Technology empowered direct pay primary care

by Anar Mikailov

By now it is common knowledge that primary care is an undesirable field for newly graduating medical students.

Additionally, many current primary care physicians are closing shop and either enter early retirement or seek non-clinical professions. According to the American Academy of Family Physicians, the 2010 Residency Match showed that 1,184 U.S. medical grads chose Family Medicine, less than half of the available positions (aafp.org Match 2010). As the down falls of practicing family medicine continue to mount (e.g. low salary, minimum time per patient, significant paperwork and insurance headaches), residencies in this field become less desirable. Given the lack of medical student demand for primary care careers, I would like to discuss a tangible alternative for practicing primary care: a direct-pay practice utilizing web based technology.

About three years ago I learned of a primary care physician who implemented such practice. Dr. Jay Parkinson had just completed his residency, moved to Brooklyn, New York and realized that one – many of his friends did not have health insurance and two – he did not want to start or join yet another typical practice that most of us visit. So he took an innovative approach by creating a direct-pay clinic managed entirely by web-based technology. In doing so, Dr. Parkinson obviated the need for administrator staff and nurses, ended waiting lines and said goodbye to insurance. More importantly, the patients received dedicated doctor face time, web scheduling, email access, video chat access and a PHR – all on a sleek web portal. Since 2007, the HelloHealth based direct-pay model has been adopted by hundreds of doctors across the country.

In June of this year I met with the first doctor in Philadelphia to implement HelloHealth – Bruce Hopper Jr. MD. He was a physician on the hamster wheel, churning through over 40 patients a day while seeing his annual income decline and burn out set in. Instead of abandoning medicine, he adopted the HelloHealth direct-pay model. Since June I have worked closely with Dr. Hopper learning the ins and outs of his practice and I will continue my work as I begin my clinical rotation with him. The following describes just a few aspects of a HelloHealth managed direct-pay practice.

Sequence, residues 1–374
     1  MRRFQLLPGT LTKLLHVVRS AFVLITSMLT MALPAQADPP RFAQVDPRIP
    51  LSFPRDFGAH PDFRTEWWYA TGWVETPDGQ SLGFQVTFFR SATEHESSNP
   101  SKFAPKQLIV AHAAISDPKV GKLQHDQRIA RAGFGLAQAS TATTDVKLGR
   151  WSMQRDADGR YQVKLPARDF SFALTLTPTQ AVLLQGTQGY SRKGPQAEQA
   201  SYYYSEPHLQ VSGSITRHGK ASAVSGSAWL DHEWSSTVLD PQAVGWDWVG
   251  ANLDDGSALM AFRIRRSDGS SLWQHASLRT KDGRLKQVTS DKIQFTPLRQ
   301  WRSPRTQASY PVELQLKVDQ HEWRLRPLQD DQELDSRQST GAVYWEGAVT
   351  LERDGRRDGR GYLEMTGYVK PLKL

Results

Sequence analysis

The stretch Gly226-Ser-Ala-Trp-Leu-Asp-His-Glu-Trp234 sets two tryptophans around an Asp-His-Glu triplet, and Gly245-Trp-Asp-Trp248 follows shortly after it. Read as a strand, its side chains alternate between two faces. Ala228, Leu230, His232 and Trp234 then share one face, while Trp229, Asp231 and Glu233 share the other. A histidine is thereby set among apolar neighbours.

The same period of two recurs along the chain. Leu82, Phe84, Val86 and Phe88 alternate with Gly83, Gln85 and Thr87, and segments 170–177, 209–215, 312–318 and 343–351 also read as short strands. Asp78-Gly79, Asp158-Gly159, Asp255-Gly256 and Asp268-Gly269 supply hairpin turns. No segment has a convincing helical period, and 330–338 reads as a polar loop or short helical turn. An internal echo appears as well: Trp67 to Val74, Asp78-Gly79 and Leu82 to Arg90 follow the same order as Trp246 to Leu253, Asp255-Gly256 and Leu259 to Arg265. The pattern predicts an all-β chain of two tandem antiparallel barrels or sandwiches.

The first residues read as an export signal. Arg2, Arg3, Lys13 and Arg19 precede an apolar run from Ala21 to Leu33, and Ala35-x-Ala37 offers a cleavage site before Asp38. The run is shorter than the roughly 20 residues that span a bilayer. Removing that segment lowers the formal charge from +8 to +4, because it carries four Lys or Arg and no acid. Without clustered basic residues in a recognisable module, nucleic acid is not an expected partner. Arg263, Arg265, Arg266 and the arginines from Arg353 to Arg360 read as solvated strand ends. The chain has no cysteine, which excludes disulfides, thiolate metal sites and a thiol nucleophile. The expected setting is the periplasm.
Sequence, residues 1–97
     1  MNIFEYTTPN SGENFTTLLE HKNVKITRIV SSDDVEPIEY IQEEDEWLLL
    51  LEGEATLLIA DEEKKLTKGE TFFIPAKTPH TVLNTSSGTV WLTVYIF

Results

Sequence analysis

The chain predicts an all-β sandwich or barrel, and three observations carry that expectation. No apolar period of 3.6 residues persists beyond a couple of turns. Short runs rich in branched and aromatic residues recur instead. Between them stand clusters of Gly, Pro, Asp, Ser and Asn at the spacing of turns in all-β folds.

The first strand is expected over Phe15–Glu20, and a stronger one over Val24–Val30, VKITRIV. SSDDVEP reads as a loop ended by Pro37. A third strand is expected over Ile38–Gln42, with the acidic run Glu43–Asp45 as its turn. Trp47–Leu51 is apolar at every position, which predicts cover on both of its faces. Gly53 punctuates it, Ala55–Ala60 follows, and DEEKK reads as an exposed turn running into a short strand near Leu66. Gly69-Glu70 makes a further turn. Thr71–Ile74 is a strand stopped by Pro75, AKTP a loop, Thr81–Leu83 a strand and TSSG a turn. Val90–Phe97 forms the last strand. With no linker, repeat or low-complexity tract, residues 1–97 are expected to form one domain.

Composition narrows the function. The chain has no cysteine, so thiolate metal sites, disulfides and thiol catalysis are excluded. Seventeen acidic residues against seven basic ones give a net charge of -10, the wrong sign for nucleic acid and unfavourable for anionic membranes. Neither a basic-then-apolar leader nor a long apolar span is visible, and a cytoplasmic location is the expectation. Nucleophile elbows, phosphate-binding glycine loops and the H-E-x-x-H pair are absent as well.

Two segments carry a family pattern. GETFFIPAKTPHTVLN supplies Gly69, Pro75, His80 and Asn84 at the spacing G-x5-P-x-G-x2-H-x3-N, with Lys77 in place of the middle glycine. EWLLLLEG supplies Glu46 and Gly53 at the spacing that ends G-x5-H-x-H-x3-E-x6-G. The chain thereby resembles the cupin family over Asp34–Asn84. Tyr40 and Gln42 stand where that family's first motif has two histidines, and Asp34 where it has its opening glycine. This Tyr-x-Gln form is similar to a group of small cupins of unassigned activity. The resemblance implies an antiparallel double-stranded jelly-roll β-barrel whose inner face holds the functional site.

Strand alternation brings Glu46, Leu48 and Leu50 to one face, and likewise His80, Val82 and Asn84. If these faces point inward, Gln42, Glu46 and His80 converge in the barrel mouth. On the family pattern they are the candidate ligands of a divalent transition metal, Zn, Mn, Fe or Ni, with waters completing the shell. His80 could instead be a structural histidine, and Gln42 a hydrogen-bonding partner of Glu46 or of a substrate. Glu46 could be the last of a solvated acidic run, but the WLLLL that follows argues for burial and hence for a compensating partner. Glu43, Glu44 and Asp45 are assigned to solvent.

The office staff includes only a doctor; there are no nurses or administrators, as all organizational aspects of the practice are managed via HelloHealth Portal. Additionally, all scheduling, billing, and medical information also resides on the remotely hosted, HIPAA certified HelloHealth servers. Patients sign up for HelloHealth online, and then add Dr. Hopper as their doctor. As an official member, patients can set up in-person appointments, video chat appointments, send email, and instant message with Dr. Hopper. In addition, all patient medical records (labs, medicines, diagnoses, imaging) are easily accessible, printable and syncable with other PHR (Personal Health Record) providers like GoogleHealth. The HelloHealth practice management portal is intuitive, very web 2.0, and the way medical management should be in 2010. With decreased overhead burdens and flexibility of this model, it is not uncommon to find Dr. Hopper making house or office visits and managing follow-ups by video or email. More importantly the new model allows Dr. Hopper to continue his passion for modern medicine and building meaningful patient relationships.